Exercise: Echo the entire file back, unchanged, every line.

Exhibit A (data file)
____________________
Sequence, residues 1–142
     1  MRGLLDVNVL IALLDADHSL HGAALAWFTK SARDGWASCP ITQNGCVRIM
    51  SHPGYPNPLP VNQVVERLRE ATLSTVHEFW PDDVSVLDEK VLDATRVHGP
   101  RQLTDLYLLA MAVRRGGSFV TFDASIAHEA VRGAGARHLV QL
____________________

Sequence, residues 1–142
     1  MRGLLDVNVL IALLDADHSL HGAALAWFTK SARDGWASCP ITQNGCVRIM
    51  SHPGYPNPLP VNQVVERLRE ATLSTVHEFW PDDVSVLDEK VLDATRVHGP
   101  RQLTDLYLLA MAVRRGGSFV TFDASIAHEA VRGAGARHLV QL